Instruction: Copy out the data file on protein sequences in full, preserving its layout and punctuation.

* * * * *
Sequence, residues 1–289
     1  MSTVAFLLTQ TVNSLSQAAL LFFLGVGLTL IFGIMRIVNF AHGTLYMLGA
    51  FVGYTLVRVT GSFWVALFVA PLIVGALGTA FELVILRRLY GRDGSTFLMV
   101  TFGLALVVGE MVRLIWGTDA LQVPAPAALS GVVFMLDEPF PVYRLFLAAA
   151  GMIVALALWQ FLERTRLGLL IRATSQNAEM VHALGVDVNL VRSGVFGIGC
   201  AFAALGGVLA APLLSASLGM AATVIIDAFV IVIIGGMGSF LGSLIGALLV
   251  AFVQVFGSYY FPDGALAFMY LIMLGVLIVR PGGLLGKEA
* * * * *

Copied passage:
Sequence, residues 1–289
     1  MSTVAFLLTQ TVNSLSQAAL LFFLGVGLTL IFGIMRIVNF AHGTLYMLGA
    51  FVGYTLVRVT GSFWVALFVA PLIVGALGTA FELVILRRLY GRDGSTFLMV
   101  TFGLALVVGE MVRLIWGTDA LQVPAPAALS GVVFMLDEPF PVYRLFLAAA
   151  GMIVALALWQ FLERTRLGLL IRATSQNAEM VHALGVDVNL VRSGVFGIGC
   201  AFAALGGVLA APLLSASLGM AATVIIDAFV IVIIGGMGSF LGSLIGALLV
   251  AFVQVFGSYY FPDGALAFMY LIMLGVLIVR PGGLLGKEA